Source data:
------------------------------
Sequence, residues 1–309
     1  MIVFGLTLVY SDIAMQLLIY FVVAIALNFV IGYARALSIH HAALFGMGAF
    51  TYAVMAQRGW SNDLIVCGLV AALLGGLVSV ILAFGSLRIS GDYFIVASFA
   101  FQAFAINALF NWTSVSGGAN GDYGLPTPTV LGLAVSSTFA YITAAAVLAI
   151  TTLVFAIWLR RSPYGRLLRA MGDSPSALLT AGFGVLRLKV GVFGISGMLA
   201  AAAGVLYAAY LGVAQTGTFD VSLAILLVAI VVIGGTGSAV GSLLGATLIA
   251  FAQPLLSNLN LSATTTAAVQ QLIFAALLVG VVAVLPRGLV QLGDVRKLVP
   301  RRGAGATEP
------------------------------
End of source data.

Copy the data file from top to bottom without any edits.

Sequence, residues 1–309
     1  MIVFGLTLVY SDIAMQLLIY FVVAIALNFV IGYARALSIH HAALFGMGAF
    51  TYAVMAQRGW SNDLIVCGLV AALLGGLVSV ILAFGSLRIS GDYFIVASFA
   101  FQAFAINALF NWTSVSGGAN GDYGLPTPTV LGLAVSSTFA YITAAAVLAI
   151  TTLVFAIWLR RSPYGRLLRA MGDSPSALLT AGFGVLRLKV GVFGISGMLA
   201  AAAGVLYAAY LGVAQTGTFD VSLAILLVAI VVIGGTGSAV GSLLGATLIA
   251  FAQPLLSNLN LSATTTAAVQ QLIFAALLVG VVAVLPRGLV QLGDVRKLVP
   301  RRGAGATEP